Microsoft Close on RTM for Windows XP
- By Stephen Swoyer
- August 15, 2001
All indications are that Microsoft Corp. appears prepared to certify Windows XP’s Gold Code sooner than expected – perhaps within the next few days.
The software giant originally planned to distribute Windows XP Gold Code to manufacturers by August 22. But a recent e-mail that Microsoft dispatched to Windows XP beta testers acknowledges that the next-generation operating system could be certified within a matter of days.
“This build is not the RTM (release to manufacturing) build. However, we are very close,” the e-mail states.
Windows XP RC2, which shipped several weeks ago, was based on build 2526 of the XP codebase. The version of XP that Microsoft released to beta testers on Tuesday was based on build 2542. Microsoft has said that RC2 was to be the last of the Windows XP release candidates.
If Microsoft’s own development history is any indication, the XP code probably won’t undergo much further tweaking: RC3 of Windows 2000, the last of Microsoft’s planned release candidates, was based on build 2183 of the Windows 2000 codebase; the Windows 2000 Gold Code – which was certified shortly after RC3 appeared – was based on build 2195.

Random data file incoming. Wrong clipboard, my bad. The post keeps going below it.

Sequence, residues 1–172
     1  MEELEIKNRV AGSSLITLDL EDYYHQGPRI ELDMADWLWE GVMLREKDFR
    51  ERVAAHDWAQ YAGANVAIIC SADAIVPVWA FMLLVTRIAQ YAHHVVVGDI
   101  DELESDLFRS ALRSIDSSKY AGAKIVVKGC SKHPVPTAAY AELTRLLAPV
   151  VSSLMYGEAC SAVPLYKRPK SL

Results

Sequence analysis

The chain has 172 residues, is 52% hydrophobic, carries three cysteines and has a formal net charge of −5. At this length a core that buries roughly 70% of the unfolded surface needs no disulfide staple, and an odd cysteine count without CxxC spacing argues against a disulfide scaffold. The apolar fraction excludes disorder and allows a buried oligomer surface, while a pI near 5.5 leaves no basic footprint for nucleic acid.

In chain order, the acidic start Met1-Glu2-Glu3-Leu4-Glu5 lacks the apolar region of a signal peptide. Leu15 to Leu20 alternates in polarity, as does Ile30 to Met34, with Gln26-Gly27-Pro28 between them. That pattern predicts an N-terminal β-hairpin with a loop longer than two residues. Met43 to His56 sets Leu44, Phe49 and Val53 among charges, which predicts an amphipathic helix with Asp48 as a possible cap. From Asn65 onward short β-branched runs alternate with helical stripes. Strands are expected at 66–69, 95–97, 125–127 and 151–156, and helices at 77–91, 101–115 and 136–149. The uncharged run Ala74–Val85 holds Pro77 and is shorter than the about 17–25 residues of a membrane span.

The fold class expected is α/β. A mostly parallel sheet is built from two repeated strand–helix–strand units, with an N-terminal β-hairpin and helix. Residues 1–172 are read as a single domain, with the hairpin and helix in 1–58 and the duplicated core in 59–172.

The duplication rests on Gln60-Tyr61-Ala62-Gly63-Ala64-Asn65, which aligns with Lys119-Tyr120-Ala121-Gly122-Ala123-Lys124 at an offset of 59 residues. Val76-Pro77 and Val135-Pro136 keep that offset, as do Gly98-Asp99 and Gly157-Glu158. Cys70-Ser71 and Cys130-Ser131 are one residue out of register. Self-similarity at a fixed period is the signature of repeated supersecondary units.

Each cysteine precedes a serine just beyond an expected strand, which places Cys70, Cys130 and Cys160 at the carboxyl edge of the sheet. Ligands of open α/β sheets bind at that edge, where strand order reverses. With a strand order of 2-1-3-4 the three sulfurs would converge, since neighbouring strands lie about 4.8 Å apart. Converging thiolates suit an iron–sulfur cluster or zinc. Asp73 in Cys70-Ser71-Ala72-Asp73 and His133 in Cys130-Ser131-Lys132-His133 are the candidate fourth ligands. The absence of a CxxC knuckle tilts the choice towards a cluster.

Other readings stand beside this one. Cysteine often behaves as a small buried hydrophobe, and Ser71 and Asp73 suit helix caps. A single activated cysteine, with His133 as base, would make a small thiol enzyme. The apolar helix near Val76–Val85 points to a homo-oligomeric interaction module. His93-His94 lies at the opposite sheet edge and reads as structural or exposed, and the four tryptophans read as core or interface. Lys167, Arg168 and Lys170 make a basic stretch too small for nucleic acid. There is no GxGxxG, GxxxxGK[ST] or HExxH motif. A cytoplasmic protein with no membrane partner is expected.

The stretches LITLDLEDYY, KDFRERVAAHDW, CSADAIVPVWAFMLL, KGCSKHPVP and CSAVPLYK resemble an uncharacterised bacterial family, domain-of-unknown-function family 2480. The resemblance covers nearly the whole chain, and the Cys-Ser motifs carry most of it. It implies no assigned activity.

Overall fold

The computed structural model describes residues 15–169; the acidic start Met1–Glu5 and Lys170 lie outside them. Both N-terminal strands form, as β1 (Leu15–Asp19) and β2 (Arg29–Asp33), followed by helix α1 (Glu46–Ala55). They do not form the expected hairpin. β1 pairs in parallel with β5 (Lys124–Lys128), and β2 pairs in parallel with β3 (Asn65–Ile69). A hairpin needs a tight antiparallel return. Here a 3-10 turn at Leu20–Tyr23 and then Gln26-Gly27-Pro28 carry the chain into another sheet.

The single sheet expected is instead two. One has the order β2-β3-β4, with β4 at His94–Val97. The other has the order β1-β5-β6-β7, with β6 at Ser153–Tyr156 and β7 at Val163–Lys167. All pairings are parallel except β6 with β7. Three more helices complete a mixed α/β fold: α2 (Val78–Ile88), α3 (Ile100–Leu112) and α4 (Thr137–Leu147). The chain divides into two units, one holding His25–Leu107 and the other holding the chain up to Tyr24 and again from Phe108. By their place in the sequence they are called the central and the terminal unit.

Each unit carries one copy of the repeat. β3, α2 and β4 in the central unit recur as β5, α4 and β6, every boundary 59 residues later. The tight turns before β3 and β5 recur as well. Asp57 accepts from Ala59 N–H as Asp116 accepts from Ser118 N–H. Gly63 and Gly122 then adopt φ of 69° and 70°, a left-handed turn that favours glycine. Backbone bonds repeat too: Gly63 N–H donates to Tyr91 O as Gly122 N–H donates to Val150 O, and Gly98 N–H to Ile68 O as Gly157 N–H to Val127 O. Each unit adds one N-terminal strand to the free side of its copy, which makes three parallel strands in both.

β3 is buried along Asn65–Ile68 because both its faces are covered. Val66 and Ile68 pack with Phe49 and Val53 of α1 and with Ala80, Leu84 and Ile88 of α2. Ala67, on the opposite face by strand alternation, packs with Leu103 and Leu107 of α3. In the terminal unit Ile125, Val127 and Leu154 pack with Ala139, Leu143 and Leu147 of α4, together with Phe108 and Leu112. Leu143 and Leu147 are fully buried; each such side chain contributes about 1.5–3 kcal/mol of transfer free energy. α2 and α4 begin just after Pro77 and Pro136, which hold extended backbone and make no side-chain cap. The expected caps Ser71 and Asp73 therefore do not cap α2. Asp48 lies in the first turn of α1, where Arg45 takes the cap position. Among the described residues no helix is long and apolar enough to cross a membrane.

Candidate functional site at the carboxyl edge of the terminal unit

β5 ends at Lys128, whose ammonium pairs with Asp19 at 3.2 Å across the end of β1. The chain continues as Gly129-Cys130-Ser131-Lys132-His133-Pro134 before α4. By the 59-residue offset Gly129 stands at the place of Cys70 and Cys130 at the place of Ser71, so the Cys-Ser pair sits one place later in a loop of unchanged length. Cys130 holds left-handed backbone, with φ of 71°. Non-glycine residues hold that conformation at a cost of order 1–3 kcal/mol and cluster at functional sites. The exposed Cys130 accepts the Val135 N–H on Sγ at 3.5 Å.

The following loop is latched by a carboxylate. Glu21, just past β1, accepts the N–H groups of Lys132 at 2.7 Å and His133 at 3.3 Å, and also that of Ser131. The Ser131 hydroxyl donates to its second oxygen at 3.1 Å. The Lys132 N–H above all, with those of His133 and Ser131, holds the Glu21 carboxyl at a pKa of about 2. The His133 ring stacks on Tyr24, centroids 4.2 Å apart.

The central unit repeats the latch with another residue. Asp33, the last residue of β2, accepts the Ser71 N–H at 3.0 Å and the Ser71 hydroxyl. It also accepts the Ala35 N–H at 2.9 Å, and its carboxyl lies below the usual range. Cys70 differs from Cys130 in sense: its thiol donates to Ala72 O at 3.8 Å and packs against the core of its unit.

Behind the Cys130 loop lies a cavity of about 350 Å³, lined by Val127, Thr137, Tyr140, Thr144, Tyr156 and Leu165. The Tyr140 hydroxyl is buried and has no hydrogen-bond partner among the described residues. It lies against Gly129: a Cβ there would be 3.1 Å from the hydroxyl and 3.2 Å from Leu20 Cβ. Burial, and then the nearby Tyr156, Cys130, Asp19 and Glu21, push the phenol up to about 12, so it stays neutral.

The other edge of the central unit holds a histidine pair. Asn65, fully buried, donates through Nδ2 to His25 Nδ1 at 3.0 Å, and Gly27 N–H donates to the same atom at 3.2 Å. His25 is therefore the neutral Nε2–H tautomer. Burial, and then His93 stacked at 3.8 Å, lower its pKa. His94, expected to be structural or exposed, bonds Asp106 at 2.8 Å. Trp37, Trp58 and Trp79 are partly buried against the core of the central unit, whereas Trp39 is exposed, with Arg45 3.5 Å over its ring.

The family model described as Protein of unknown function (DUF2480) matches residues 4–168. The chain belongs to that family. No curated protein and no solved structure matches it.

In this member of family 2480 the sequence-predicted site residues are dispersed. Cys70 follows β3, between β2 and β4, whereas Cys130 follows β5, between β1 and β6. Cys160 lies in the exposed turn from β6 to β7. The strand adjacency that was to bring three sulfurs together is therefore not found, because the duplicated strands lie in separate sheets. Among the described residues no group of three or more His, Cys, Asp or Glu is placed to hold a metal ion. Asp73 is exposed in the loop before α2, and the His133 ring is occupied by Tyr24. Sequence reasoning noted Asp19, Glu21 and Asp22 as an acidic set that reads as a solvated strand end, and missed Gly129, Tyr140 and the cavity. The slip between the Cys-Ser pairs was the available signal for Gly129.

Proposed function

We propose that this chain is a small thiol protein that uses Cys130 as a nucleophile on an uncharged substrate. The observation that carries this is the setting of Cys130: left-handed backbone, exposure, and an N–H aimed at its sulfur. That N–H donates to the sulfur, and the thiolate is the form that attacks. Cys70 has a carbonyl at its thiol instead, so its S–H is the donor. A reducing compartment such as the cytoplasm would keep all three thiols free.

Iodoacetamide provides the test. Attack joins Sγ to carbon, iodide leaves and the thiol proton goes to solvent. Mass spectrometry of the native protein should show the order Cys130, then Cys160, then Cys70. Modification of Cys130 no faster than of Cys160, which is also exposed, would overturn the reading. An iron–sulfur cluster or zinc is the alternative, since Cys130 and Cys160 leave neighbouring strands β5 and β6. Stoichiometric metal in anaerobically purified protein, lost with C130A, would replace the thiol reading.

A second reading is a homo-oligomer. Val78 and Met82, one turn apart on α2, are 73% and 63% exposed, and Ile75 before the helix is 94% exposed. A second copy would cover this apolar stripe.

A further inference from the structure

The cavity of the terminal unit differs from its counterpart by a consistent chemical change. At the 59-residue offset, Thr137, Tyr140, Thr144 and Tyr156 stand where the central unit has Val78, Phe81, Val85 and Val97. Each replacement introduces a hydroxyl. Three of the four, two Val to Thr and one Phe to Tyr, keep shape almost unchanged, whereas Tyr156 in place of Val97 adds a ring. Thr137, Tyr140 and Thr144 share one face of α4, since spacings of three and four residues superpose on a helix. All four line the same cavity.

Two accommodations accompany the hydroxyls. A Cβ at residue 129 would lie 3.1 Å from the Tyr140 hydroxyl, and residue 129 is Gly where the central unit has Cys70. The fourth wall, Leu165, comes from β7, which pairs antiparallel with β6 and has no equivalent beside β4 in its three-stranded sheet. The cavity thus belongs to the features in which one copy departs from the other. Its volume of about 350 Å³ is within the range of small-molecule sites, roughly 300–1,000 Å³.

According to Rob Enderle, a senior analyst with consultancy Giga Information Group (www.gigaweb.com ), Microsoft must get the XP Gold Code to OEMs as soon as possible if the next-generation operating system is to realistically ship before its planned October 25 debut.
“OEMs always need time to qualify the hardware and to test [the operating system] and to prep systems with it,” Enderle notes. “They’re not going to just get the RTM code and start shipping systems based on it. They need at least four weeks to qualify everything, and typically more.”
OEMs aren’t expected to start selling consumer-line systems based on Windows XP until late September, but Giga’s Enderle says that corporate customers will have a chance to purchase XP as soon as the RTM code is pressed to CD.
“A large corporate customer can get it as well as soon as the discs are cut. So if you’re a big corporation, and if you’re buying thousands of machines, there’s a reasonable chance that you can get this thing early,” he says.
Stephen Swoyer is a Nashville, TN-based freelance journalist who writes about technology.